James Wong Howe The Camera Eye is the first and only book-length career interview with renowned Director of Photography James Wong Howe. Based on 15 hours of interviews conducted by film scholar Alain Silver, this new book on legendary director of photography James Wong Howe (1899-1976) is a must-read for anyone interested in what happens behind the scenes on a Hollywood set from general readers to film industry professionals.
A two-time Academy-Award® winner and still considered one of the greatest cinematographers in the history of American film, James Wong Howe began his career in 1917 at Famous Players-Lasky as a camera assistant on silent features directed by such pioneers of narrative cinema as Cecil B. DeMille. Promoted to Director of Photography in 1922, Howe spent almost three decades working on A-projects while under contract at Paramount, MGM, 20th Century-Fox, Selznick, and Warner Bros. then another twenty years as a freelance cameraman. At those studios, he shot projects as diverse as the silent Peter Pan, Viva Villa!, The Prisoner of Zenda, Abe Lincoln in Illinois, Body and Soul, The Rose Tattoo, Picnic, Hud, Seconds, and almost 60 sixty years after his first job Funny Lady in 1975.
It was the people who were interested in movies as a living art form, people that loved to experiment and found the results gratifying, who made the technical progress in motion pictures." Such comments by Howe about his career, his style, actors, producers, and directors with whom he worked, and his beliefs about what constitutes good camerawork are extensively annotated and profusely illustrated with over 500 images, many of which are keyed to Howe’s remarks about specific scenes and shots reflect his direct, professional approach: "There must be a reason for all lighting: what it's for and where it's coming from."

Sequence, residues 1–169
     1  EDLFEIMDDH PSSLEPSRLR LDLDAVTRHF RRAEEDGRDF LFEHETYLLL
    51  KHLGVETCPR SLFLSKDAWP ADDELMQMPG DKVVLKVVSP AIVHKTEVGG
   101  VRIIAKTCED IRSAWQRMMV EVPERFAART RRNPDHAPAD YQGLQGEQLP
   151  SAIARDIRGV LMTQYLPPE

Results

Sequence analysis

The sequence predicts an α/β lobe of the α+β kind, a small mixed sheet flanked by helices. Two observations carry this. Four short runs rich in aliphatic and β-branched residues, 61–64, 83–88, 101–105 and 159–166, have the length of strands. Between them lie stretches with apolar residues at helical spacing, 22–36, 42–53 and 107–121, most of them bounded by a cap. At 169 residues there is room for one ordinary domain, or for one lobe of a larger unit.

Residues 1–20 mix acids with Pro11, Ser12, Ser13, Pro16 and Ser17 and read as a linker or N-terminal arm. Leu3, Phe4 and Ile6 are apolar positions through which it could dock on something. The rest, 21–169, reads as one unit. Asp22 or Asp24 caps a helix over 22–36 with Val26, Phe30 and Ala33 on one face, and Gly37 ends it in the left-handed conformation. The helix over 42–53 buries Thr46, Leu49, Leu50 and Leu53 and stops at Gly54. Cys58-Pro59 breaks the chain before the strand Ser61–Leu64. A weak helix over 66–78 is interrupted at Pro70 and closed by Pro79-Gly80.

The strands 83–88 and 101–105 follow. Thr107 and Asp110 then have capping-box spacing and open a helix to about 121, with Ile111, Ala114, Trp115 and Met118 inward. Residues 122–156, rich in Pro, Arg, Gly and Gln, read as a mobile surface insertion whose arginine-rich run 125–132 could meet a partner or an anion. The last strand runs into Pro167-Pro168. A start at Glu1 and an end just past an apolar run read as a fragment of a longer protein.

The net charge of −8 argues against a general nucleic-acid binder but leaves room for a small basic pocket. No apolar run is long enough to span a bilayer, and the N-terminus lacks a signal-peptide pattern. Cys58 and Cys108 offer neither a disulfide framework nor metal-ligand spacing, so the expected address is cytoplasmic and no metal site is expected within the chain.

Howe provides considerable detail about his work with such producers and directors as DeMille, David O. Selznick, Hall Wallis, William Cameron Menzies, Victor Fleming, John Cromwell, Martin Ritt, Herbert Brenon, John Frankenheimer, and Sidney Lumet. Among the star performers that are discussed are Humphrey Bogart, James Cagney, Sean Connery, Joan Crawford, Marlene Dietrich, Errol Flynn, Clark Gable, Greta Garbo, John Garfield, Cary Grant, Rita Hayworth, William Holden, Hedy Lamarr, Burt Lancaster, Vivien Leigh, Myrna Loy, Robert Mitchum, Paul Newman, Kim Novak, Laurence Olivier, Robert Redford, Edward G. Robinson, Ann Sheridan, Barbara Stanwyck, Barbra Streisand, Spencer Tracy, and Natalie Wood.
Also included are the most complete filmography ever compiled of all of Howe’s work (with some newly discovered credits), two essays about lighting written by Howe himself, a biographical summary, select bibliography, and a complete index. 392 6x9 pages.
CLICK HERE to read a reprint of Wong Howe's 1931 essay on Lighting (low-res PDF).
CLICK HERE to order from Amazon.
Selected other Books:
Noir: An Encyclopedic Reference to the American Style, 4th Edition, now entitled Film
Noir: the Encyclopedia
was published by Overlook Press in May 2010.Click Cover for More Information. TO ORDER FROM AMAZON: CLICK HERE.
[ This is the 4th edition of Film Noir: An Encyclopedic Reference to the American Style ]
The Film Noir Reader series begun by Limelight Editions in 1996, the four volumes constitute the definitive collection of critical thinking about film noir. [CLICK HERE or on the Cover for and index page, excerpts, and ordering information on the entire series from Amazon).
[Click Cover to see excerpts on-line from Raymond Chandler's Los Angeles or order from Amazon
David Lean and
His Films. [Click on Cover for Amazon ordering info.]
What Ever Happened to Robert Aldrich? [Click on Cover for Amazon info.]